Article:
To date, our single centre experience with the Amplatzer septal occluder shows excellent closure results for the great majority of consecutive patients presented with an ASD. However, we believe that, despite our encouraging intermediate results, lifelong observation of this group of patients is required.

Addendum

After this paper was accepted, a significant event occurred during follow up. Four to five years after a successful and uneventful ASD closure with a 20 mm Amplatzer occluder, a 13 year old girl suddenly developed a left, predominantly brachiofacial, hemiparesis. Computed tomography showed a recent infarction in the area supplied by the right medial cerebral artery. On TOE no unusual finding, thrombus formation or residual shunt were seen. In the ensuing two weeks after the cerebral stroke the patient’s symptoms completely resolved. So far, this is the only case of a delayed episode of embolisation in at least 25 000 Amplatzer implants (Dr Kurt Amplatz, personal communication, 2002). Although there is no proof, we consider that, in a 13 year old patient with an implanted device and a cerebral infarct, the most likely source of embolisation is the device. In summary, this event confirms our recommendation of life long observation after device implantation.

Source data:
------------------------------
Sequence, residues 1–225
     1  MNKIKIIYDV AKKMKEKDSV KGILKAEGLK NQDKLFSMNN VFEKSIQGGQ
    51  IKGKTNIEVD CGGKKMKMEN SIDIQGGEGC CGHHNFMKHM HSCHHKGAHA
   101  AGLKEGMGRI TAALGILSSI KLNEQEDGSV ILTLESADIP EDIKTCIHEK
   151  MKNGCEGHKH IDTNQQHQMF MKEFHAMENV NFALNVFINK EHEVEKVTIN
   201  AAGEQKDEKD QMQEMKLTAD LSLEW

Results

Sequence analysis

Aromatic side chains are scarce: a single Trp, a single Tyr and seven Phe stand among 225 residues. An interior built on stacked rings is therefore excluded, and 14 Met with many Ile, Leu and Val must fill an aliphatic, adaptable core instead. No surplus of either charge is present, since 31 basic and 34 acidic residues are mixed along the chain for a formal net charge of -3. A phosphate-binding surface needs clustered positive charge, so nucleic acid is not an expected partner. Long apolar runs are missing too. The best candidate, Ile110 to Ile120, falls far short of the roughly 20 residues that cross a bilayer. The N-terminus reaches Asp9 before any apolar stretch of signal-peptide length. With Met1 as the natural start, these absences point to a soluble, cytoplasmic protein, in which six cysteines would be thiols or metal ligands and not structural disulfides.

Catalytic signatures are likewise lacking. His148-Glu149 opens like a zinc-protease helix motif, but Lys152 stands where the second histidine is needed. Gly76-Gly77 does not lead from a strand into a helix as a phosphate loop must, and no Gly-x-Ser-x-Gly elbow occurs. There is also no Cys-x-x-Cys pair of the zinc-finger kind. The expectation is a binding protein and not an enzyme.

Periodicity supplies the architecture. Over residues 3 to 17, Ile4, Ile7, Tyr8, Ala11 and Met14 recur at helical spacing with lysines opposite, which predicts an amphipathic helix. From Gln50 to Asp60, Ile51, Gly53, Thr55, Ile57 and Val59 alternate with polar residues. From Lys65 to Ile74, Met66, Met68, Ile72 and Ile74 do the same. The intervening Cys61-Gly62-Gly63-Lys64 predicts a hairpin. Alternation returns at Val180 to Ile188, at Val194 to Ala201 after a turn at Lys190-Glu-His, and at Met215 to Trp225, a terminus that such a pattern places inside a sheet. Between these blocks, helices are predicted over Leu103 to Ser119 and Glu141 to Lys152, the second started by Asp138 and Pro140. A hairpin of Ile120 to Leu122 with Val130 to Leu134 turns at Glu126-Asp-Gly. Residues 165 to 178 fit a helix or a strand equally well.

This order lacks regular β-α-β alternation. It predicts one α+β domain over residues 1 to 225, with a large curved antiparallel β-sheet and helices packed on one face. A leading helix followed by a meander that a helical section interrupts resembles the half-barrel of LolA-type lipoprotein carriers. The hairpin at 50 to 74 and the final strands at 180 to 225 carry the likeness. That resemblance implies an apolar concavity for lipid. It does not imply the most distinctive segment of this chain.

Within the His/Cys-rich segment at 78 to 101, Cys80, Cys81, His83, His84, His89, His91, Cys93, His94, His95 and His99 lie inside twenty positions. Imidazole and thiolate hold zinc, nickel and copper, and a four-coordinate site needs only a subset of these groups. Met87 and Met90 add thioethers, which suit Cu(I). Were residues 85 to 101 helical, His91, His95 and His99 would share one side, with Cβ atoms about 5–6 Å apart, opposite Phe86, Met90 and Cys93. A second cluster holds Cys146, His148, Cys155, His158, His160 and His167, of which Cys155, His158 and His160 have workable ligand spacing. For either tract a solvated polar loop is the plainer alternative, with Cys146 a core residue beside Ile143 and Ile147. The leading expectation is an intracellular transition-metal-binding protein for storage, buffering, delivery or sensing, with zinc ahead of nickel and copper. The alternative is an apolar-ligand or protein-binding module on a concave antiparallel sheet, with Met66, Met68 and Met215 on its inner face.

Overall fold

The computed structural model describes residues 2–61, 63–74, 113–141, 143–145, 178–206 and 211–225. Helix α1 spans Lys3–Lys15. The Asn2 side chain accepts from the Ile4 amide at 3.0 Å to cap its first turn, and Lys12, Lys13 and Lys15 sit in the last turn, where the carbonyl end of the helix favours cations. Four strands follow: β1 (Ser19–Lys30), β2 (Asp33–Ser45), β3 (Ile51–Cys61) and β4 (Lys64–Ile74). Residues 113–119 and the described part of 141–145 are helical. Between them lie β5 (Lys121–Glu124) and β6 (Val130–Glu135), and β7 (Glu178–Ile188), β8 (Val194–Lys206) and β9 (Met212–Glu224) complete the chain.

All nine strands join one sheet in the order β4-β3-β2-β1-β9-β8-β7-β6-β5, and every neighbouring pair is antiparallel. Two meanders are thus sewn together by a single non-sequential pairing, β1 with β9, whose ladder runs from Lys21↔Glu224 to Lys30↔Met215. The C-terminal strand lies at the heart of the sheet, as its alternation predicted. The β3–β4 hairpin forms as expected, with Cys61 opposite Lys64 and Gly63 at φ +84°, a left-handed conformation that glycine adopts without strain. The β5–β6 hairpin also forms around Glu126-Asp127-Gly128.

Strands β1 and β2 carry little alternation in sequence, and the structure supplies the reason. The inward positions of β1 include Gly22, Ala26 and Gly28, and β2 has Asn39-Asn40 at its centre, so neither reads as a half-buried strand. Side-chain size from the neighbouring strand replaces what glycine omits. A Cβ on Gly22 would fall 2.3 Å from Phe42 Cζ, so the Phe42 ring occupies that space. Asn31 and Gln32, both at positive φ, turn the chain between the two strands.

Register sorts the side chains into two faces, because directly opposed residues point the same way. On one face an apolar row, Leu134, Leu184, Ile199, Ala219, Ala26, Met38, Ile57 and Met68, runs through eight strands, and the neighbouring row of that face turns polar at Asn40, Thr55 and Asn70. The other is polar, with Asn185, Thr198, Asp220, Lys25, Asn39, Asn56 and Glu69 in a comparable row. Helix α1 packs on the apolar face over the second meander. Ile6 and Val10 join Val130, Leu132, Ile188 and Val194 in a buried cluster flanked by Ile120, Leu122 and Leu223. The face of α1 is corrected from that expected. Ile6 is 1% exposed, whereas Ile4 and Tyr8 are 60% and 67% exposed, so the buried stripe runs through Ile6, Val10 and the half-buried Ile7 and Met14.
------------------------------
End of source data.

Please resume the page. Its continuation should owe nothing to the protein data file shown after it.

Acknowledgments

We gratefully acknowledge Professor Michael Tynan, London, for his critical revision of the manuscript.

REFERENCES